One Thousand Wednesdays

A new blog about the comfort women issue

I’m working to get a separate blog up and running dedicated to sharing the research I do about the issue of comfort women and comfort stations. It’ll be called One Thousand Wednesdays. While I get things up and running, I’ll share my first posts here. 

I can’t say when I learned for the first time about the issue of the comfort women, but I remember that I felt stunned.

An elderly Korean woman, one of the comfort women, signing

It was 2009, and months after graduating from college in Minnesota I had moved to South Korea to teach English in a Seoul suburb. Somewhere in those early months I encountered the story of comfort stations and the girls who endured them. I simply could not comprehend that before and during World War II, thousands of girls across Asia had been coerced into sexual slavery by Imperial Japan. I couldn’t believe that this massive system of institutionalized rape had once been maintained at the highest levels of the Japanese Empire’s military and government. I couldn’t conceive that girls and young women had been presented to troops as an amenity whose bodies they were entitled to use and plunder for their own relief. And most of all, I couldn’t imagine the lived reality of those young girls and women who endured such inhumane violence day after day, without any idea if it would end.

I also recall that for a brief moment, I experienced disbelief—the impulsive rejection that something so unthinkably horrific could possibly be real.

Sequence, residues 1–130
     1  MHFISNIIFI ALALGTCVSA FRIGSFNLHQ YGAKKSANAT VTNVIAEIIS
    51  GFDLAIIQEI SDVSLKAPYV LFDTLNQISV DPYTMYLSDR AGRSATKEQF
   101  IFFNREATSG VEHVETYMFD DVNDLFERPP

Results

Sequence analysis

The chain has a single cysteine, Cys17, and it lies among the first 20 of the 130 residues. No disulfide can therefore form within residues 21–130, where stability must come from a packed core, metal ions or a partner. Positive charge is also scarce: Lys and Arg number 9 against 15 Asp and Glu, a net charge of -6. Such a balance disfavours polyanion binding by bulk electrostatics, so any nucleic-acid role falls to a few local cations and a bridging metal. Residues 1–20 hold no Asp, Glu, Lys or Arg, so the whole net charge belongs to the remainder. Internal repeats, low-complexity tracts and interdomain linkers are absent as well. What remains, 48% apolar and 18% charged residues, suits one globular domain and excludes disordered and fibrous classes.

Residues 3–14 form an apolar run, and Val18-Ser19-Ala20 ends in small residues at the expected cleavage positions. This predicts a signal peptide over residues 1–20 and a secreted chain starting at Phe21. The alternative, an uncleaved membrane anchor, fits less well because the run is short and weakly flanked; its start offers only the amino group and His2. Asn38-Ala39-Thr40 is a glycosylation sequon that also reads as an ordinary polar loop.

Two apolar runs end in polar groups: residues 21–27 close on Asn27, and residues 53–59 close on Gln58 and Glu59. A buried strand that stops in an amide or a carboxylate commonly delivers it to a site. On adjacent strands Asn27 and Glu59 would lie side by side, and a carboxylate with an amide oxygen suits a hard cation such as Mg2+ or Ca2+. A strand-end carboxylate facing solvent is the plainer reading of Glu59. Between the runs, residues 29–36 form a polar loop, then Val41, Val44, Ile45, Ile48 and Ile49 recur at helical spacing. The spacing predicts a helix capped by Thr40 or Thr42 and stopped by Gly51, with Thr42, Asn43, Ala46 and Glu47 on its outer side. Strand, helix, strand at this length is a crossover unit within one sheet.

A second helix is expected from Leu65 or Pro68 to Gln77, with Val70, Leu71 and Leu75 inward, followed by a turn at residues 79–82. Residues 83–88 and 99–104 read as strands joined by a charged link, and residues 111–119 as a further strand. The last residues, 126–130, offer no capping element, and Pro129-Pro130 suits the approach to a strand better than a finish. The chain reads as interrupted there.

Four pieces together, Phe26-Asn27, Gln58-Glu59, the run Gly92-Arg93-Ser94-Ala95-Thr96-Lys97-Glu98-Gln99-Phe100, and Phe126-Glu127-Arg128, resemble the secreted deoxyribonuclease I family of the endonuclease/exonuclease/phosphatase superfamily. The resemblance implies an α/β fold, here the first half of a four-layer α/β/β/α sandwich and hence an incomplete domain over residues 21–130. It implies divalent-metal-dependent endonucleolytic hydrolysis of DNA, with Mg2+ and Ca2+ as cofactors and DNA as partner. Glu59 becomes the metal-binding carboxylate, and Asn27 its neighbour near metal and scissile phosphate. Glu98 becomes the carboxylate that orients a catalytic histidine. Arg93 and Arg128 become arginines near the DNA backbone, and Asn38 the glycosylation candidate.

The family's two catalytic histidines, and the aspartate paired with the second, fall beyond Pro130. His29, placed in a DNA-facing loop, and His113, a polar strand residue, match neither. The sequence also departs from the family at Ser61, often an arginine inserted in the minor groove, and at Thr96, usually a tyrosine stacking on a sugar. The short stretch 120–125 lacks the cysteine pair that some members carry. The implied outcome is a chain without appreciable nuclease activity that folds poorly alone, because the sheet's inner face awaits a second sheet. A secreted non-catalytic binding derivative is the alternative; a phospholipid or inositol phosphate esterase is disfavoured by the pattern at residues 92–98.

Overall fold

That was a passing emotion, quickly replaced by curiosity. I wanted to understand how this horrible thing that happened, and why I knew nothing about it. Like investigating so many ugly and complex chapters of the past, the more I learned the more I saw that the existence of comfort women and comfort stations was all too real, and also not a thing of the past.
Thousands of women who survived comfort stations died before they ever saw justice, many before their experiences were recognized as criminal. But not all. Some are still alive. A few have dedicated their lives to fighting for justice. Everyday their numbers dwindle, as struggles for recognition and justice g0 on. Campaigns for truth and reconciliation persist as advocates try to tell the stories of people overlooked or silenced in the past. Governments and advocates grapple to determine what justice should look like, and how to both move forward and atone for past wrongs. And across the world people still try to understand what we can learn from the comfort woman to avoid a similar atrocity in the future. That means taking a hard look not just at issues of gender and sexuality, but also class, racism, and colonialism.

I left South Korea after a year of living there, but I returned, again and again, to the issue of the comfort woman.

In graduate school I dedicated my thesis to the topic, reading every relevant text I could find, and when that was done, broadening my definition of what had relevance. The result was a year-long fever dream of highlighted passages, late nights, and poor attempts to do too many things at once. Now the thesis has been submitted and archived, and I’ve emerged from the haze of graduate school more hungry than ever to understand the story of Imperial Japan’s Comfort Stations, of the women who endured them, and of the survivors and activists who continue to fight for justice today.

So now I’m going back to the drawing board, returning to all those old sources I read at a breakneck pace, but this time I’m going to wade through them slowly and thoroughly, and I’ll share what I learn as I go. Along the way I’ll catalogue news updates, share photos, and try to make sense of things I find confusing. Interested? Feel free to follow along.

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